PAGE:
Venison is the meat of the deer, intended as food. It is derived from the ancient French word “Venesoun,” which initially described the meat of any large animal, not just deer. Today, it exclusively applies to deer, except in South Africa, where it refers to antelope.
- Venison has a high content of protein and iron and low in fat and cholesterol.
- Venison jerky can be purchased in some grocery stores or ordered online and is served on some airlines.
- Red Deer can be found in large numbers on deer farms.
- Red Deer was introduced into the wild in 1879 at Sydney’s Royal National Park.
- In the United States, venison is less common at retail due to the requirement that the animal is inspected by USDA inspectors.
Venison Buying Guide
Venison is marketed as joints and in smaller cuts, cubed, minced or processed into products such as sausages and jerky. When buying venison, look for lean meat with a deep color and dense texture. If the animal is young, its meat will be more tender. It’s best to buy venison in prime season (from October to January) because the meat is fresher, and sometimes, during this season, the animals are benefited from a proper, natural diet – all factors which contribute to the better-tasting game.
High in protein, venison is dark red and lean, with a fine texture and relatively strong flavor. Meat from older deer has a better flavor but requires long, slow cooking to achieve tender results. The meat from younger animals can be cooked more quickly. As it’s lean meat from a wild animal, it’s best served pink to avoid it drying out. Venison has a flavor that is similar to beef but is more vibrant and can have a gamey note. It can be eaten as steaks, tenderloin, roasts, sausages, jerky, and minced meat.
For best quality, wrap the venison tightly in plastic wrap, keeping air out as much as possible. Wrap the packages in vapor-proof or moisture-proof freezer paper. Freeze quickly at 0 degrees or below.
Ground Venison must be stored in a freezer at 0F or colder for 5 months, while roasts and steaks can be stored up to 6-12 months at this temperature. Proper dressing, packaging, quick freezing, and colder freezer temperatures will help maintain meat quality for the most prolonged period.
As venison is very lean meat, the best results will be achieved if it is served rare to medium-rare to retain the meat’s juiciness and tenderness. It is essential to not over-cook venison and always allows it to rest for at least five minutes before serving in any recipe.
There are many cuts and methods of cooking venison where the meat must be eaten rare. If venison is overcooked, it is like eating rubber, but if it’s seared and allowed to rest for about ten minutes before slicing, it is like eating butter! Venison cooks faster than beef, and when cooking it rare, it needs only to reach a temperature of 130 degrees. If venison reaches 150 degrees, it begins to toughen.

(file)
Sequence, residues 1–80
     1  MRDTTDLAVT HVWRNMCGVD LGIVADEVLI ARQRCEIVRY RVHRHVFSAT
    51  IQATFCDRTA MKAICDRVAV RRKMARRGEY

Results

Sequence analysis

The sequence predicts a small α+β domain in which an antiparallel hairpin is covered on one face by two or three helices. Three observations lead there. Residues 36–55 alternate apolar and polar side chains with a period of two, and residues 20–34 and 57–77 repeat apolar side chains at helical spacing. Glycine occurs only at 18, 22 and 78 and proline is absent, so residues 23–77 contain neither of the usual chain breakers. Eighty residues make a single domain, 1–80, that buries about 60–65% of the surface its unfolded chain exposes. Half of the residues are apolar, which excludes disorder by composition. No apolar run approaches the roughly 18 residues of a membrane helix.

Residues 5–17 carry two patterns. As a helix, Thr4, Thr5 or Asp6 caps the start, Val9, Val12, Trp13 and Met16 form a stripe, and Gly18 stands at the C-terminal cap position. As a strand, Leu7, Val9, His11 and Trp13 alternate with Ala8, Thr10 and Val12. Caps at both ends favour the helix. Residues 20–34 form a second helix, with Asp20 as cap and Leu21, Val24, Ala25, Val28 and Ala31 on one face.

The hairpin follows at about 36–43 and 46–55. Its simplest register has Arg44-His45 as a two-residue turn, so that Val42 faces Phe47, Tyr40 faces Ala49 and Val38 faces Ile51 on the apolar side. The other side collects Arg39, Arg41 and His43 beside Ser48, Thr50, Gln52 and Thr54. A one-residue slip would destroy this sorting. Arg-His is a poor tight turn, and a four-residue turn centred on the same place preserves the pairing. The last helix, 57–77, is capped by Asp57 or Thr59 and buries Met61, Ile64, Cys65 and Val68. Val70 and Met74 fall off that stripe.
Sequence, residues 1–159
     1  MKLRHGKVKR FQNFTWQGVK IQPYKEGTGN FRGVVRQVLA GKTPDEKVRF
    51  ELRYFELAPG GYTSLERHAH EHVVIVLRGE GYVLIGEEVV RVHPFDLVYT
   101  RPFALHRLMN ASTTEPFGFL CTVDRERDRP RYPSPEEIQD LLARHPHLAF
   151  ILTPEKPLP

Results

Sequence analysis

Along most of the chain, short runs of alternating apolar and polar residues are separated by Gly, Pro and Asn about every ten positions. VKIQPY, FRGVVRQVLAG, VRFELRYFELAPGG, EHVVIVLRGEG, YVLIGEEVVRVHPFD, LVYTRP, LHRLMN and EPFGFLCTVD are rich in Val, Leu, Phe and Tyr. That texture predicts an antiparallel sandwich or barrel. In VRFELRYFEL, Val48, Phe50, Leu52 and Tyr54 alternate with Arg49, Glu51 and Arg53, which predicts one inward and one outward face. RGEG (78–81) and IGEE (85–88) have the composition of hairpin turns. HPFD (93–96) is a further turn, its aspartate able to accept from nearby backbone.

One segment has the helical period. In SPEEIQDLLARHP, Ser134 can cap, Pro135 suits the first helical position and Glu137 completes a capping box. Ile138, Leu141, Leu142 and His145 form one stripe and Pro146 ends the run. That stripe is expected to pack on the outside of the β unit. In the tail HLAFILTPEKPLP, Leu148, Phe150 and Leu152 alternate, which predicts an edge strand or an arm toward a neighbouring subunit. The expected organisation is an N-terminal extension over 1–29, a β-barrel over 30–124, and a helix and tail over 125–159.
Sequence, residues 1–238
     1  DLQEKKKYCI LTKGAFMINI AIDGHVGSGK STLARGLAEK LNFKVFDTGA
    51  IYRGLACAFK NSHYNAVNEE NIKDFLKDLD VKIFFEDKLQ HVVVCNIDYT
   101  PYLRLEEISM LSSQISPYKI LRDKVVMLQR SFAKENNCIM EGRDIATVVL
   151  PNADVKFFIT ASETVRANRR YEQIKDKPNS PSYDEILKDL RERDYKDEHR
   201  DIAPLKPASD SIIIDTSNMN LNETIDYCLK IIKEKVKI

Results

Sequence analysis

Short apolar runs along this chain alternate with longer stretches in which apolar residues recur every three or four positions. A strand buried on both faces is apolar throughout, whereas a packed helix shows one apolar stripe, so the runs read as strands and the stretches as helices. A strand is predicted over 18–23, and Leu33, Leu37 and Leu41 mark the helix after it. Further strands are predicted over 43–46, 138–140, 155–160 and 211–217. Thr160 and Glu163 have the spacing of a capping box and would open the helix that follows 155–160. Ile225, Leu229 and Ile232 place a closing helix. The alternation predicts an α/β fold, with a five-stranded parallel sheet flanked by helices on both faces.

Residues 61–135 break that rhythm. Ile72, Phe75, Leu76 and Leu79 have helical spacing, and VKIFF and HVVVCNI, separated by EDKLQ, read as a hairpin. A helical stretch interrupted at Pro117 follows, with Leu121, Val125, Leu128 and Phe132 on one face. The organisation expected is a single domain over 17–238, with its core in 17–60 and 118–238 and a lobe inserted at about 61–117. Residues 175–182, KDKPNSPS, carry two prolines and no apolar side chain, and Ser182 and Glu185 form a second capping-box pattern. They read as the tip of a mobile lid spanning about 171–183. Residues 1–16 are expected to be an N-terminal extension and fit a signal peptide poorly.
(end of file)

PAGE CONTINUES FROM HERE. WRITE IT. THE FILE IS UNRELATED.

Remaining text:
Venison suits fruity sauces such as cherry, blueberry, and redcurrant, as well as earthier flavors such as mushrooms, marjoram, and red wine. To keep venison meat moist and tender, marinate and then baste regularly during cooking. For smaller cuts taken from the saddle, loin or fillet, pan-fry or grill. Roast larger joints such as saddle, leg, or rump. Otherwise, braise, casserole, stew, or add to pie fillings.
Venison is considered by the nutritionists to be very healthful meat for human consumption. It is a versatile, low-fat, high-protein meat that is flavorful in the way that other red meat, such as beef, is but is a healthier alternative. Wild venison has a high omega-3 fatty acid level which is similar to that of range-fed beef.
Vitamins and Minerals
Vitamin B12: Keep the body’s nerve and blood cells healthy and helps make DNA, the genetic material in all cells.
Vitamin B6: To help keep the brain and nervous system healthy — and for heart health, muscle function, and a lot more.
Riboflavin: A vitamin that is necessitated for growth and overall good health.
Niacin: It has a wide range of uses in the body, helping functions in the digestive system, skin, and nervous system.
Iron: Helps to preserve many vital functions in the body, including universal energy and focus, gastrointestinal processes, the immune system, and the regulation of body temperature.
Phosphorous: It is needed for the body to make protein for the growth, maintenance, and repair of cells and tissues.
Selenium: An essential trace mineral that assists with cognitive function and fertility.
Zinc: A nutrient found throughout your body that helps your immune system and metabolism function.
Copper: It helps maintain healthy bones, blood vessels, nerves, and immune function, and it contributes to iron absorption.